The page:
Dana Carvey left Saturday Night Live in 1993 as one of the best-known comedians in America. Besides innumerable memorable characters on SNL, he had starred in Wayne’s World (1992) to prove himself in Hollywood. When he started shopping a variety comedy show he had his pick of networks, finally settling on ABC just before they were bought by Disney. Slotted behind ratings juggernaut Home Improvement it seemed like The Dana Carvey Show was destined for greatness. Not so much. Esoteric, weird humor did not interest the Home Improvement crowd (or Disney) and it would only last eight episodes. However, the show did hire an impressive array of unknown talent that would go on to great things, including performers Steve Carell and Stephen Colbert as well as writers Jon Glaser, Robert Carlock, and Dino Stamatopoulos. This GQ piece is an interesting autopsy of a crushing failure by some of the most talented comedic talent in America.
Teats Out: An Oral History of the Rise and Fall (and Rise) of “The Dana Carvey Show”
The Beatles transformation from pop superstars to psychedelic rockers was influential not just in music but in society. What was one prime instigator for this evolution? Acid! George and John were unknowingly dosed by a shady dentist in 1965 and it changed their life. Later that year they dosed again at Zsa Zsa Gabor’s Los Angeles mansion. Ringo and some other celebrities joined them this time and they had an intense trip. This party also included their first exposure to Ravi Shankar and the sitar–an influence that would grow to gigantic proportions in later years. Vice recounts when the Beatles changed forever.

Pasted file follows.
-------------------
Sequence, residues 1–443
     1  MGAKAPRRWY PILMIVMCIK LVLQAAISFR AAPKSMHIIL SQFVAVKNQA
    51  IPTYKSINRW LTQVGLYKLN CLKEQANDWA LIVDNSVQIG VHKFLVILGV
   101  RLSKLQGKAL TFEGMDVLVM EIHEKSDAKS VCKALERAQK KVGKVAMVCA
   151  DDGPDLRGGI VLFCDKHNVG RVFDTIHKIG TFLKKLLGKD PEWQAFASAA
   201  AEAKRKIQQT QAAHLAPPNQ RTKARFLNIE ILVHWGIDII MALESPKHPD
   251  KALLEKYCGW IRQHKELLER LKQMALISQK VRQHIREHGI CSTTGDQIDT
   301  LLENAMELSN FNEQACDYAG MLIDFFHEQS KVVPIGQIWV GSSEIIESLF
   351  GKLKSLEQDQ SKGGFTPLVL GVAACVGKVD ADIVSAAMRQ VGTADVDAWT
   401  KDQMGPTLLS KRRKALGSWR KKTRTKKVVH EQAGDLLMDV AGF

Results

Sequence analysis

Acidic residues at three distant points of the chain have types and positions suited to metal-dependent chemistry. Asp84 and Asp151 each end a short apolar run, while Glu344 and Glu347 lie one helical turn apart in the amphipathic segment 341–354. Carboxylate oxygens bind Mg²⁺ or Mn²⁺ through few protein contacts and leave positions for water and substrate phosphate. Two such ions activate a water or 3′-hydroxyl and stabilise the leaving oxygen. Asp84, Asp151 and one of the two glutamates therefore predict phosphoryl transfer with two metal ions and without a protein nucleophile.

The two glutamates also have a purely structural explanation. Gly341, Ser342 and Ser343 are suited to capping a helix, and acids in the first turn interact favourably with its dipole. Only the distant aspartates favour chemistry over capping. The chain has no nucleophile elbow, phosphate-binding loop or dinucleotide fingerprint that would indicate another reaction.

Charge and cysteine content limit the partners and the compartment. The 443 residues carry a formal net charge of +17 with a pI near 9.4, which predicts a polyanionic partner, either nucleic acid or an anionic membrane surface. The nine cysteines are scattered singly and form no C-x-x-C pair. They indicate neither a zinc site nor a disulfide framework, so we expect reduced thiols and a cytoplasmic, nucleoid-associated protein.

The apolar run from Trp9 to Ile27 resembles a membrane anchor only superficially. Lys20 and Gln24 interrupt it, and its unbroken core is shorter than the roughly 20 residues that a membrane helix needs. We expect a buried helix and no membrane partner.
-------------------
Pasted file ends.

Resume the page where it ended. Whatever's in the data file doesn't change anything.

The Oral History of the First Two Times the Beatles Took Acid
As David Schwimmer notes in an engrossing Vanity Fair oral history of Friends, finding one actor who is perfect for a role is a true victory. Finding six actors who are perfect fits, and then they all turn out to have perfect chemistry, is divine intervention. And that’s Friends. Conceived by young playwrights turned TV producers Marta Kaufmann and David Crane, their pitch hit the sweet spot that NBC (and everyone else) was looking to fill: a close-knit group of young, attractive adults trying to make it together in the big city. The stories about casting, finding success, handling success, and the inevitable end–everyone involved gives honest, heartfelt answers while adding fascinating anecdotes. A great read (and there’s a fun slideshow too).
With Friends Like These
Virtual Reality has been the apple in the eye of tech enthusiasts for decades, but it’s only in the last few years that consumers have had access to VR headsets that begin to deliver on the immense promise. The first-gen Rift and Hive headsets (among others) will likely be looked back on the way we look at the first iPhone or iPod now. A starting point. USC’s Mixed Reality Lab has become the nation’s hotbed of VR innovation. Palmer Luckey (founder of Oculus) got his start there. And now comes Survios, a startup founded by three graduates of the Lab. Survios is making waves with Raw Data, an immersive zombie apocalypse game that many are calling the new standard in VR gameplay. Movement, graphics, and actions are synced better than ever before, and people are noticing. In September it became the first VR game to gross $1M in a month. Last week it won Game of the Year at the AMD VR Game awards. And it only finished its production releases this week. Rolling Stone catches the wave.